22 Mar Employment Age Discrimination
Age discrimination occurs when someone treats a person less favorably due to that person’s age. Same way, in the workplace there is employment age discrimination.
Age discrimination in employment can affect anybody no matter how old they are. The law applies to discrimination in employment and in training and education. This includes access to help and guidance, recruitment, promotion, development, termination, perks, and pay. As well as employers it also applies to providers of vocational training, trade unions, professional associations, employer organizations and trustees, and managers of occupational pension schemes.
The age discrimination regulations do not however apply to goods and services, so as an example insurance companies and health care providers will be able to continue to discriminate on the basis of age.
Overview of the Age Discrimination Legislation
Age discrimination can take many forms but follows the same pattern as other forms of discrimination law in the UK:
- Direct Discrimination – treating someone less favorably because of their age or the age they appear to be. So not employing people because they are over 55 fits this category.
- Indirect Discrimination – this involves having a policy or practice that puts people of a certain age at a disadvantage. For example, only recruiting recently qualified accountants may fit this category as these are likely to be younger people.
- Harassment – This is unwanted conduct on the grounds of age, which has the purpose or effect of violating a person’s dignity, or creating an intimidating, humiliating or offensive environment for that person. For example, age-related jokes in the workplace fit this category.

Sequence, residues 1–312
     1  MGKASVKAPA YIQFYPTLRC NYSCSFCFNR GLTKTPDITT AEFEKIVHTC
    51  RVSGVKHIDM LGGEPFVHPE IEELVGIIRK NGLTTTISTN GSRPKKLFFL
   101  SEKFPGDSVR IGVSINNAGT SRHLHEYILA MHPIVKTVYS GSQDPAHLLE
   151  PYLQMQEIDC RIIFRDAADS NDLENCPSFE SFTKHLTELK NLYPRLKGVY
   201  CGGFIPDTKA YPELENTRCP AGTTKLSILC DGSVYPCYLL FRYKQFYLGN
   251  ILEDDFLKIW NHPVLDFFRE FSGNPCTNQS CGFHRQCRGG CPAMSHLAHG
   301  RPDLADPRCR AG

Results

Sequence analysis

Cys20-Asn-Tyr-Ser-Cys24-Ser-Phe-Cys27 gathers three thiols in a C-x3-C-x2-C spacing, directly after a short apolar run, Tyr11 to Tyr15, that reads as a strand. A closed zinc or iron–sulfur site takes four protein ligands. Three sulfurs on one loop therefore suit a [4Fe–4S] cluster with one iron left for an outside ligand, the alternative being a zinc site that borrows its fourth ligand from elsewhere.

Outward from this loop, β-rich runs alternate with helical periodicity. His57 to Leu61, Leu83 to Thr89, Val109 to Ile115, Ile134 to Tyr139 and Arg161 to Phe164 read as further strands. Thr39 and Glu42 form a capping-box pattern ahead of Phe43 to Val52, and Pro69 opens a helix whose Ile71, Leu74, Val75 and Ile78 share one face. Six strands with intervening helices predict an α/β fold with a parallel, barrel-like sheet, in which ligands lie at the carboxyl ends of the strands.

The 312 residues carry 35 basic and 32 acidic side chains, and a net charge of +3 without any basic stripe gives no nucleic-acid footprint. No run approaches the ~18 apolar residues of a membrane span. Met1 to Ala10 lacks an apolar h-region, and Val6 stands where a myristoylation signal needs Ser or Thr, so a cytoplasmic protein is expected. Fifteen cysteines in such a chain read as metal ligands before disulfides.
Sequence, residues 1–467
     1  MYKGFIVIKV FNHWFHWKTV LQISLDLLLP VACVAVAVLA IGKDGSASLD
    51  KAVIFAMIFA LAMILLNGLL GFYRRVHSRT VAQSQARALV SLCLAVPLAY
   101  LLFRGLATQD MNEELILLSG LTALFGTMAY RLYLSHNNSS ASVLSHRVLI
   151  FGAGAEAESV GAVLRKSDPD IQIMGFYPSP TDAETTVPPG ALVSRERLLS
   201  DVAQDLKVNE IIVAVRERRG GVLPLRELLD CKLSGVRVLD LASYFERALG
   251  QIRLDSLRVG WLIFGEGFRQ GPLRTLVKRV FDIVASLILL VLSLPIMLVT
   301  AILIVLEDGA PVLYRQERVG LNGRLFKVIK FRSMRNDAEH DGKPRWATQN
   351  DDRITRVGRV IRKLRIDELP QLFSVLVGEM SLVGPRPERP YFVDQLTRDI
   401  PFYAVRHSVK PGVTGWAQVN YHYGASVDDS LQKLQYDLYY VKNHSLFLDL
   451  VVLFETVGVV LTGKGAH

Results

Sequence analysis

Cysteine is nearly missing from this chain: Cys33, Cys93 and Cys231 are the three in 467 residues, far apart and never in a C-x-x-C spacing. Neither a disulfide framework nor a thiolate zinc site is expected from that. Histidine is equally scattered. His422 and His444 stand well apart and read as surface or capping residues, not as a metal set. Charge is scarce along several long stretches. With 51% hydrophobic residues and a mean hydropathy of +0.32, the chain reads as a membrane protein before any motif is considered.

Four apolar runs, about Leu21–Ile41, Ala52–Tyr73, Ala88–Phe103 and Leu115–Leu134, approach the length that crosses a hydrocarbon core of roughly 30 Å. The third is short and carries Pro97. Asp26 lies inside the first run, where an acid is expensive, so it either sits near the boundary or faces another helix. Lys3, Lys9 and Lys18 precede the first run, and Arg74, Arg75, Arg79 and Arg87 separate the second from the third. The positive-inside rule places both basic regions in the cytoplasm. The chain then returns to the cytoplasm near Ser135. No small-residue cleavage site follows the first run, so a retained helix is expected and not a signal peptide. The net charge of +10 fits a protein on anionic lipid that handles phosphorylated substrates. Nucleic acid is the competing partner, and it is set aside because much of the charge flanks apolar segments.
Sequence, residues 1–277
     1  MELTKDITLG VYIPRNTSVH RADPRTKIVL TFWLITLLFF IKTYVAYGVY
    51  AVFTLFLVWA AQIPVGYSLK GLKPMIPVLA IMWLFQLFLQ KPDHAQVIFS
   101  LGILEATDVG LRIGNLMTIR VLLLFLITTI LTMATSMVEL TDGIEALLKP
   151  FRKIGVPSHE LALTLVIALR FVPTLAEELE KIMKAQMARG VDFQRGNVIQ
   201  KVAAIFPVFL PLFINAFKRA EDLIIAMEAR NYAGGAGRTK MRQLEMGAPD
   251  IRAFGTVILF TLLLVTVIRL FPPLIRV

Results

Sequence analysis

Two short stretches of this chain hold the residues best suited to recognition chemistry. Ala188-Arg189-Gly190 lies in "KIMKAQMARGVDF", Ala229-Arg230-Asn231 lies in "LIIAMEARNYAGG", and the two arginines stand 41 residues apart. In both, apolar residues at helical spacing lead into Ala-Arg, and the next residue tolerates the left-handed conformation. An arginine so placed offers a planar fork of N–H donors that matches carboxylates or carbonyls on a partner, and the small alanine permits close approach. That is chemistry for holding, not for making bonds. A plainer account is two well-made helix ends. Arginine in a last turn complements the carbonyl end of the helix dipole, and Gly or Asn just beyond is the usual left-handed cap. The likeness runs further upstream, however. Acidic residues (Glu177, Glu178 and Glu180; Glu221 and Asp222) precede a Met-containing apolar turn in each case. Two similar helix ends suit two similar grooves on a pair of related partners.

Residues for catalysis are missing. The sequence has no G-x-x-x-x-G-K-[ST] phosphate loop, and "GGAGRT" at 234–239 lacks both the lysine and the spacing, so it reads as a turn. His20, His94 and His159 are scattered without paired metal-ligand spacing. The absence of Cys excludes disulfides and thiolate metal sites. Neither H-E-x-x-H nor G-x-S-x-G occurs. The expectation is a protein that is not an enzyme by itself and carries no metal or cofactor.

- Victimisation – this arises from being treated unfairly as a result of making a complaint of age discrimination. For example, not promoting someone because they complain that younger employees are being favored in their training.
Direct and indirect discrimination are unlawful UNLESS the employer can justify discrimination. To do so the employer must show that it is a proportionate (appropriate and necessary) way of achieving a legitimate aim.
Harassment and victimisation will always be unlawful.
Other Specific Points
1. Upper age limits for unfair dismissal and redundancy no longer apply.
2. From 1 October 2011, the default retirement age ceases to exist.
3. Regulations cover the occupational pensions, as are employer contributions to personal pensions. However, the regulations generally allow pension schemes to work as they do now.
4. The regulations do not affect state pensions.
5. Length of service requirements for employment benefits practices of up to five years qualify for a special exemption and are adjudge not to be unlawful age discrimination. If the period is longer than five years this may also be lawful if the employer can show that is expected to meet a business need such as to reward loyalty, to encourage motivation, or to recognise the experience of a worker.
6. The upper age limit of 65 for Statutory Sick Pay is no more applicable.
7. Employers can take positive action to prevent or compensate for disadvantages by people from a certain age group. Positive action encourages people to take up employment positions and to get access to training and education. For example, employers could aim their recruitment advertising at older people but the position must be open to people of all ages.
8. An employer can discriminate on the grounds of age if this is a requirement by existing law, such as being at least 18 to work behind a bar.